What I can do with pre-recorded videos is I can gather and analyze information. I love bunkai (interpretations of kata), so I’ve been watching videos about bunkai. I understand that there will be differences between what I see and what I was taught due to style differences. I also understand that one practitioner’s bunkai is not necessarily going to be in line with another practitioner’s bunkai – and that’s OK! I do have to understand the bunkai my own sensei (instructor) taught me and, someday, I will teach others what was passed down to me.
Here’s the thing – I don’t go watching videos about bunkai for kata that I haven’t memorized. But I do confess that a couple of years ago I did use a video to learn a new kata. I was supposed to be learning that kata. I made sure the video was from the same series of videos recommended to me by one of my sensei(s). I’d seen it practiced in the dojo so I had a rough idea of what to expect. I most certainly did not rely on the video alone to learn the kata. But there was one huge advantage the video had over live instruction. I could turn my back to the screen and watch the video using a mirror.
Long-time followers of this blog might remember that I am challenged with directional dyslexia. I have any number of coping mechanisms. As I predicted a few years ago I have a pretty good grasp of the basic principles of karate. I’m sure that’s exactly where I’m supposed to be on my journey right now given my current rank (i-kyu). But still… it’s a huge relief to be able to let go of right and left from time to time. Of course this doesn’t work for kata but it does work for learning complex drills. I had no idea of the scope of my learning challenge until now. It’s probably like someone who was born with impaired hearing getting a cochlear implant. Except… I can use the implant only intermittently and I’ll have to give it up at some point in the future. Totally worth it.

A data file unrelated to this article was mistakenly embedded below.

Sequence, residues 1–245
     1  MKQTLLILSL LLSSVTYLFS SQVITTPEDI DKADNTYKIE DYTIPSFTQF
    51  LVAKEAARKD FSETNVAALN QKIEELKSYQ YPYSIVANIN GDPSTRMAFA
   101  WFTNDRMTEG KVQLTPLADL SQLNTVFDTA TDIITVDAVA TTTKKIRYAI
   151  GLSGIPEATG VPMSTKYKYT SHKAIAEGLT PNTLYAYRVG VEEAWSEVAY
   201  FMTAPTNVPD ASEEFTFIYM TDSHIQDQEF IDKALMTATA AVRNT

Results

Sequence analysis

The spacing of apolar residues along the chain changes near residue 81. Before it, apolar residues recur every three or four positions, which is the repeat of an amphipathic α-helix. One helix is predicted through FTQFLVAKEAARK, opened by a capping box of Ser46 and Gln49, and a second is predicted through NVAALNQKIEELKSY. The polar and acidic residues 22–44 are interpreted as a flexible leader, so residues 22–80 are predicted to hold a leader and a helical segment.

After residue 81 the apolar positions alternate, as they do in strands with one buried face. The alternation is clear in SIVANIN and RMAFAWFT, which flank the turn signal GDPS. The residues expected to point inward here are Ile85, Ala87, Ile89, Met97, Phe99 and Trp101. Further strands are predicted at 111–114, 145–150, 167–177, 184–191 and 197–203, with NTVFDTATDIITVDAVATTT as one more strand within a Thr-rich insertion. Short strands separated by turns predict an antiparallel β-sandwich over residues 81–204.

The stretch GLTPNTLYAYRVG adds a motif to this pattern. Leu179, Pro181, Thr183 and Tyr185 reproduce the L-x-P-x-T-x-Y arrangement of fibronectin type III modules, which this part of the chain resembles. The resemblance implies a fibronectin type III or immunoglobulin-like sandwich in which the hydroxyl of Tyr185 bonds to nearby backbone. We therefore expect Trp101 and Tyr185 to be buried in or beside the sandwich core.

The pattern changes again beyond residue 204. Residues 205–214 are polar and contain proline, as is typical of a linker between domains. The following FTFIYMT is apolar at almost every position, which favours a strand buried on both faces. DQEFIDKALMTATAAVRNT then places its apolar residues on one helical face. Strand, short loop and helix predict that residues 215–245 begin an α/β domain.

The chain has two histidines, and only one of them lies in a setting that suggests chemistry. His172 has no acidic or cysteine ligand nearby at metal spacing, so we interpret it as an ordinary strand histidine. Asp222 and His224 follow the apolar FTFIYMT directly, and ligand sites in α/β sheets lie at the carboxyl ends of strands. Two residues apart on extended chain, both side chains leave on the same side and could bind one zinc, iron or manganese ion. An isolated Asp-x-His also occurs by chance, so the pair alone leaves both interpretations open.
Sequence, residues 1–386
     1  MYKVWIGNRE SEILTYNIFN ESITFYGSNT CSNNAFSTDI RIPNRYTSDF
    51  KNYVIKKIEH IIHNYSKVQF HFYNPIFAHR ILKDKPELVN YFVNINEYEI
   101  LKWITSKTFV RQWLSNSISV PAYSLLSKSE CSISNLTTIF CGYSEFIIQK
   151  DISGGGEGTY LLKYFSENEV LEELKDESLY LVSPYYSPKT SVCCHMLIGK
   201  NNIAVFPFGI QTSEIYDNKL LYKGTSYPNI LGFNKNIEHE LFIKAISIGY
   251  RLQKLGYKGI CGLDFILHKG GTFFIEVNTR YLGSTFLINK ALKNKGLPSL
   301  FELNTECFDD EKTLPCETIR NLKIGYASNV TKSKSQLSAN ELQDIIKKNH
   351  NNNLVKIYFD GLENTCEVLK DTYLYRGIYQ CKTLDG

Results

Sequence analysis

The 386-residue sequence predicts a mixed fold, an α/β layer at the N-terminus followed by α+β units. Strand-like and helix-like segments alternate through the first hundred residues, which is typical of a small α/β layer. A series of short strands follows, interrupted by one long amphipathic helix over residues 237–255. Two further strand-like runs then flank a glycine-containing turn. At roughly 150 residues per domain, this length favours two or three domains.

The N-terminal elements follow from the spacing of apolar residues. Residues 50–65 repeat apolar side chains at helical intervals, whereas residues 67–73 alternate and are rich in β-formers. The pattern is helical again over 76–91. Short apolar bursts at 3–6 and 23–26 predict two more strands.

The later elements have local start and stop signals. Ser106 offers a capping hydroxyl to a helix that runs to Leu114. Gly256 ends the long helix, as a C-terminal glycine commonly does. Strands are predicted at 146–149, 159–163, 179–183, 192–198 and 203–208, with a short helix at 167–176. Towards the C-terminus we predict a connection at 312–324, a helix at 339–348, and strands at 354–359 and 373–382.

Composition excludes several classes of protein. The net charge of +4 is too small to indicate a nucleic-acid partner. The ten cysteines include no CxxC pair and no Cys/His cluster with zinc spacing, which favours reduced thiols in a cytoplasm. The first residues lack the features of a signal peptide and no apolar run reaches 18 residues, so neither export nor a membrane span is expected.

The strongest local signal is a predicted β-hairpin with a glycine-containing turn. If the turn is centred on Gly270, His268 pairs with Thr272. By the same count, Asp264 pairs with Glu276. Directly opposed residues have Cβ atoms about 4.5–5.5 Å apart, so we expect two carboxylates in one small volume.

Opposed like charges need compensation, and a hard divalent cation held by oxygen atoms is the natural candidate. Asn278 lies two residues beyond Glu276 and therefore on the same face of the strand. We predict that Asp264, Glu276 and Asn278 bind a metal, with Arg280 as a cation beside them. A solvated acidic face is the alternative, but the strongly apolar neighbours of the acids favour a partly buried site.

I miss the fellowship. I miss all the things that I cannot do without other people.
There are some learning methods I’ve picked up during this time of quarantine that I will continue to use in the future. It’s far easier for me to take videos of myself in my new space so I’ve been doing way more of that. This tournament season is shot but I’m using my judging skills on myself. Normally I have pen and paper handy in my gear bag so I can scribble notes after class. That’s fine, but I’ve learned that sometimes I need more. Nowadays after class I sometimes open up a video of myself or of someone else in one monitor and in the other monitor I’ll type notes. This is especially nice to do for kata. I can remember far more about the feedback I received when I have a video (even if it’s not me or my sensei) to jog my memory. And who knows? Maybe after all this is over the karate organization I belong to will use online classes for supplemental training.
P. S. – Ironically, I’ve become a minor character from Orwell’s Nineteen Eighty Four. I am now the “Physical Jerks” lady on the telescreen because I lead an early morning online fitness class via Zoom. I was scheduled to start this class in person at an athletic club the very week we were shut down due to COVID-19. I went online instead. What can I do but laugh?